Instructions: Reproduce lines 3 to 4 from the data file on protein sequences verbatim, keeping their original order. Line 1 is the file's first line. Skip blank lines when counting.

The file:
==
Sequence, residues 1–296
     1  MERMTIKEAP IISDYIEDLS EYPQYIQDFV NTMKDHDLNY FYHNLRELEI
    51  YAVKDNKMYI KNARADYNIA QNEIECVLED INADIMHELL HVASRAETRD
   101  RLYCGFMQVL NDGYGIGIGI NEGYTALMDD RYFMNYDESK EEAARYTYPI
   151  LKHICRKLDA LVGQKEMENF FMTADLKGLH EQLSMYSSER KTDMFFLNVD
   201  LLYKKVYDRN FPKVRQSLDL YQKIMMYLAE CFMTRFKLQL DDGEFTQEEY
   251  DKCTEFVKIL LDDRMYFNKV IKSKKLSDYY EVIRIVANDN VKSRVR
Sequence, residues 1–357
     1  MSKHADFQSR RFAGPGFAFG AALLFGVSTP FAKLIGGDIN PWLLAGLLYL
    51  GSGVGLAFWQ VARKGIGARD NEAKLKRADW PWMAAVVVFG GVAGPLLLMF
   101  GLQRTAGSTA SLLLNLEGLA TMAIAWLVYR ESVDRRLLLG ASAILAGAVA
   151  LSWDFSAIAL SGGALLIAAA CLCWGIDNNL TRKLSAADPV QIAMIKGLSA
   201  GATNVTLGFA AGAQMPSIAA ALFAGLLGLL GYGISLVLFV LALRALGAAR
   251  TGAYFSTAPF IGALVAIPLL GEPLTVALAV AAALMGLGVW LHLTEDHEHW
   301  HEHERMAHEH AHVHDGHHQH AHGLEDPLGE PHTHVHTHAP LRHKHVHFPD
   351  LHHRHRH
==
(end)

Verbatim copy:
    51  YAVKDNKMYI KNARADYNIA QNEIECVLED INADIMHELL HVASRAETRD
   101  RLYCGFMQVL NDGYGIGIGI NEGYTALMDD RYFMNYDESK EEAARYTYPI